It will keep Votto, 28, in a Reds uniform until 2023. He has two years remaining on the three-year, $38 million deal signed a year ago. He’ll make $9.5 million this season and $17 million in ‘13.
So, the Jays won’t have Brett Lawrie of Langley, B.C., at third and Votto at first to look after Jose Bautista.
Only the contracts of New York Yankees’ Alex Rodriguez (10 years, $275 million in 2007), Albert Pujols (10 years, $254 million) of the Los Angeles Angels of Anaheim and Prince Fielder (nine years, $214 million) with the Detroit Tigers are larger.
All but Rodriguez were signed this year.
Think that Blue Jays policy on 10-year deals will be addressed down the road now?
For Etobicoke’s favourite son, who grew up playing for Steve Plumley’s Bloordale Bombers, Bob Smythe’s Etobicoke Rangers at Connorvale Park and Mel Oswald’s Canadian Thunderbirds, it’s a Canadian record — far surpassing Justin Morneau of New Westminster, B.C., and his six-year, $80 million deal with the Minnesota Twins.
So, are you signing Little Johnny up for the summer hockey camp or taking him to a baseball hitting school?
Wendy Votto, Joey’s mother, laughed when asked how much Joey’s registration cost when initially signed up to play ball.
“Maybe $300, I’m not sure,” said Wendy, who enrolled 12-year-olds Ryan and Paul for house league ball in Brampton for this summer at $150 apiece, plus the cost of tournaments.
Mother and son had a two-hour conversation Sunday night.
“I haven’t heard anything since, but I’ve been in meetings,” said Wendy Tuesday evening. “I’ve had a couple of texts from him.”
Wendy is busy and plans on being busy no matter how much her son earns.
“What am I going to do? Stay at home and stare at four walls?” said Wendy who used to work 55 hours a week as a sommelier at Etobiocke’s Via Allegro Ristorante for 16 year.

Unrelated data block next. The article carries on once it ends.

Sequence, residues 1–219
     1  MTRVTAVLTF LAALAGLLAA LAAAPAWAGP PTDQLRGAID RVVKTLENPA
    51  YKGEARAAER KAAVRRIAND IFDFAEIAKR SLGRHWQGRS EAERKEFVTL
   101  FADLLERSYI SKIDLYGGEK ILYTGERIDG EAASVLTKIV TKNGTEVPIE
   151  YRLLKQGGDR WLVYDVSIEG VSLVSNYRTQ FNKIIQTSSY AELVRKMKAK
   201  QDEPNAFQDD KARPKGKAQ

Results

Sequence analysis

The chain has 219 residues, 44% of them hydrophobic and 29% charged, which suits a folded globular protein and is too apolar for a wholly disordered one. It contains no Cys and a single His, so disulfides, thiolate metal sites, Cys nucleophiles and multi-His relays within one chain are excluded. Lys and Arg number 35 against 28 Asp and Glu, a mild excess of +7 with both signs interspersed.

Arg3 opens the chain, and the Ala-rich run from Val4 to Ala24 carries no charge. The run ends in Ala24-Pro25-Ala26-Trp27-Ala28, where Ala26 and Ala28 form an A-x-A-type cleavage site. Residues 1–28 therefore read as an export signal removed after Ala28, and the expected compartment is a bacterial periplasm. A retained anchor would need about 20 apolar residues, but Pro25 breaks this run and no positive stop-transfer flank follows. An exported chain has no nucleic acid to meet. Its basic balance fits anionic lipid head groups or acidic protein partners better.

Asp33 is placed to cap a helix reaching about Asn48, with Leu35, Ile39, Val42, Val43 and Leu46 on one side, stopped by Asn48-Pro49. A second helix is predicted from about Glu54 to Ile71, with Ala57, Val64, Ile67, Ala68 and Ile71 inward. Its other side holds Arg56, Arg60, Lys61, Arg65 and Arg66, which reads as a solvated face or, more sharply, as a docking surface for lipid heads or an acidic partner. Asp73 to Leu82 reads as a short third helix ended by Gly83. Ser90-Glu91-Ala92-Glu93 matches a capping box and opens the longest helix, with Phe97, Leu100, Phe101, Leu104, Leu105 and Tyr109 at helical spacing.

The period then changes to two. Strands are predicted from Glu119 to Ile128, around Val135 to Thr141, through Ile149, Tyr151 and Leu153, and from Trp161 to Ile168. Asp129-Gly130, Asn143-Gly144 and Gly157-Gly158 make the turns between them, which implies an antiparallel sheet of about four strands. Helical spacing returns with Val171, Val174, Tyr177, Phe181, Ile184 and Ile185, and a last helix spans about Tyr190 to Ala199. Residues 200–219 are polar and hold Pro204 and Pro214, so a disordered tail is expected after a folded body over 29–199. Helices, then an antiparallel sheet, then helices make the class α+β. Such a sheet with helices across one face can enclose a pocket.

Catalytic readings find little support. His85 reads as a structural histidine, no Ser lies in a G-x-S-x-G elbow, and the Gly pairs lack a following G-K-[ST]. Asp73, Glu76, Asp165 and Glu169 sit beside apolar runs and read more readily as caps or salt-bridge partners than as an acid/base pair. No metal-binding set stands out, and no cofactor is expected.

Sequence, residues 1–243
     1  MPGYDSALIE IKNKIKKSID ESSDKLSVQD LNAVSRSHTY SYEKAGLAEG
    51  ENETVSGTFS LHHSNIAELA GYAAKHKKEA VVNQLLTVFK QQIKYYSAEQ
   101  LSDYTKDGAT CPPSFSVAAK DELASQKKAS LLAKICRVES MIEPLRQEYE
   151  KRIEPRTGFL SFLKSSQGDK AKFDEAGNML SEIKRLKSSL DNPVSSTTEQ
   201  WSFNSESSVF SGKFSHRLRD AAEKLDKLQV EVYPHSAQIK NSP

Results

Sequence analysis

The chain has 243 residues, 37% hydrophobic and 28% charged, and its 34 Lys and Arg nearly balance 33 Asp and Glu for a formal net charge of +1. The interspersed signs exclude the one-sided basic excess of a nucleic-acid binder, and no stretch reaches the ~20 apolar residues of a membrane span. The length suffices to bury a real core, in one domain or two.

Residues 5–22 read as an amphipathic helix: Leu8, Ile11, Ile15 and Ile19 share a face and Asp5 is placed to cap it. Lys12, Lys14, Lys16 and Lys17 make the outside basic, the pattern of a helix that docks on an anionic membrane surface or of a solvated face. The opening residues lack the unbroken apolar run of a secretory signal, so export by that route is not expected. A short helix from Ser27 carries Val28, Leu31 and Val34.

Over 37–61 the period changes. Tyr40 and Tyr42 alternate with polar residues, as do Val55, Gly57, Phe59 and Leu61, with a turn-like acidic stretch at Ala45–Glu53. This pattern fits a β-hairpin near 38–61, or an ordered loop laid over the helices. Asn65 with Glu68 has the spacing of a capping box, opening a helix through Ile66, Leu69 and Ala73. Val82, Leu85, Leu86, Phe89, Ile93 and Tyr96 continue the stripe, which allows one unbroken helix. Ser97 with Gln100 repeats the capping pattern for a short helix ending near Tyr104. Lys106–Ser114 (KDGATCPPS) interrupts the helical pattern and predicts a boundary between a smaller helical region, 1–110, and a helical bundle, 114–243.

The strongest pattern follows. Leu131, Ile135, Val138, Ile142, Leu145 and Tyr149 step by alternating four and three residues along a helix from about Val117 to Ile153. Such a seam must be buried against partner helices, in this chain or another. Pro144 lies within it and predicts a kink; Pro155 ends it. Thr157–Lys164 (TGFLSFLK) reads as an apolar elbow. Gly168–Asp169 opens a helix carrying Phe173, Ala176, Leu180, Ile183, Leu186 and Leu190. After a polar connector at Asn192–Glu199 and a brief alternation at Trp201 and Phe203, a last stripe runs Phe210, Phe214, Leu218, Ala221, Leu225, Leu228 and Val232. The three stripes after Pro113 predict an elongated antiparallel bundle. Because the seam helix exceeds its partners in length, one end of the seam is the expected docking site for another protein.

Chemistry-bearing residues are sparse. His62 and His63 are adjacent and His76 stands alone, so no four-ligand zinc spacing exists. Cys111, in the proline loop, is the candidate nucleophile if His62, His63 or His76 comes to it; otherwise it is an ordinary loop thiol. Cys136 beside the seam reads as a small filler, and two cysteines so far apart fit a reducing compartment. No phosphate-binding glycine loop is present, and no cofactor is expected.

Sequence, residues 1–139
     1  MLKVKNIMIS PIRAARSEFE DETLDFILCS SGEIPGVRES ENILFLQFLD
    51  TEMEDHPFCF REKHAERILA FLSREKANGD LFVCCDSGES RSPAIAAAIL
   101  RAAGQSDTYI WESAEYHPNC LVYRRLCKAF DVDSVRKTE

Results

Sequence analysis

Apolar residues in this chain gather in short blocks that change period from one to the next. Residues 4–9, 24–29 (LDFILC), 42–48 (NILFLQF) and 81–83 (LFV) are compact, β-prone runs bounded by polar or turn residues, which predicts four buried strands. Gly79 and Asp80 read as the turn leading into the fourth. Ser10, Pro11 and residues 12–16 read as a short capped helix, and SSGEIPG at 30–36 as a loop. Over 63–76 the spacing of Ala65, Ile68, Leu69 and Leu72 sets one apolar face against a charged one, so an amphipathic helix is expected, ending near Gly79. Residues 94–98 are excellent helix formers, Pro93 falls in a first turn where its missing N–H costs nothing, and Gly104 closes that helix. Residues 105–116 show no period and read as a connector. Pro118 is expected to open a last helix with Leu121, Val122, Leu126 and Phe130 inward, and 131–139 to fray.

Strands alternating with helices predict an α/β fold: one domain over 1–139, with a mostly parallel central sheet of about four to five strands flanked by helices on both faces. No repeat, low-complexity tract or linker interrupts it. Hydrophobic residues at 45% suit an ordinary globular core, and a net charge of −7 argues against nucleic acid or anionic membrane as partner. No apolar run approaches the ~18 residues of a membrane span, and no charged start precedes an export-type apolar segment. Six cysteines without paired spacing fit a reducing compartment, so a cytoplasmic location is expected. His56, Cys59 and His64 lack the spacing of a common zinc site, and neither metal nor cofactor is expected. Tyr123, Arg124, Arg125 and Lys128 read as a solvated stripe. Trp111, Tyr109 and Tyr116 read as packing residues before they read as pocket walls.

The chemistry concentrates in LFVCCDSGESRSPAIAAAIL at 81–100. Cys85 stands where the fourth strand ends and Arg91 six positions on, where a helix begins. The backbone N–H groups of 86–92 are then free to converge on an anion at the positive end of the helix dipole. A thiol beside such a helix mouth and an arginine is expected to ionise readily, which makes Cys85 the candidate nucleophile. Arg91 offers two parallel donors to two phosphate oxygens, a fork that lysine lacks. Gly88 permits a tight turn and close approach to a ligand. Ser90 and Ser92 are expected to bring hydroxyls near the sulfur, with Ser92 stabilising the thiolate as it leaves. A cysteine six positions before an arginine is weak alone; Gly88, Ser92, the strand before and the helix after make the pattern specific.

Wendy has cut back now, only working weekends at the restaurant.
Wendy, also a sommelier and sales rep for Fettah Wine Services, was at the Royal York Hotel, early.
“We had a California wine show, then a wine tasting, we had dinner at the Epic restaurant, I didn’t get back home until midnight,” said Wendy, who also had cell phone problems Monday.
The Reds open the season Thursday afternoon hosting the Miami Marlins.
Votto’s aunt Brenda and Doug, plus uncle Paul will be in the crowd, but Wendy won’t.
“We have a pour and taste at the Rousseau House in Ancaster, a fund raiser which I committed to,” Wendy said. “Perhaps next week.”
An international sommelier guild has asked Wendy to teach a course once a week in the United States, but they have not settled on where.
“In their offer they said they’d fly me down in the morning and home at night, or I could spend the night and fly home the next day,” Wendy said. “I joked, saying I’d like a National League city.”
Didn’t momma secretly hope, like many Jays fans, her son would return home to play, as he stole the show at the 2009 World Baseball Classic.
“I was worried about people here coming out of the woodwork,” Wendy said. “I know he’d get a lot of press here, but I don’t think he’d have any peace.
“Cincinnati is a good fit. He can find a beautiful house an hour outside of Cincinnati. It’s a blue collar town I really like.”
Reds scout John Castleberry chose Votto 44th overall in North America in 2002.
“He’s been away since he was 17,” Wendy said, continuing the way only proud mothers can, “what a terrific and level-headed young man he’s grown up to be.”
Moving along, we thought we’d asked the expert (and didn’t tell her we haven’t had vino since 1985 at the Chateau Laurier) what is this summer’s special wine.
“A Pinot Grigio,” Wendy said. “A good cold crisp Pinot Grigio, it’s refreshing, it’s light and it goes good with a hot dog. All ball parks should sell it.”
Meanwhile, “VottOs,” cereal, at $2.99 per box hit the shelves at Cincinnati-area Kroger stores as well as plbsports.com and having seen the lineups to buy his No. 19 jersey at the Reds Hall of Fame and Museum in 2010, there will be lineups for cereal.
As there will be standing ovations for Reds owner Robert Castellini, of the small-market Reds.
And his large market star who decided to stay put.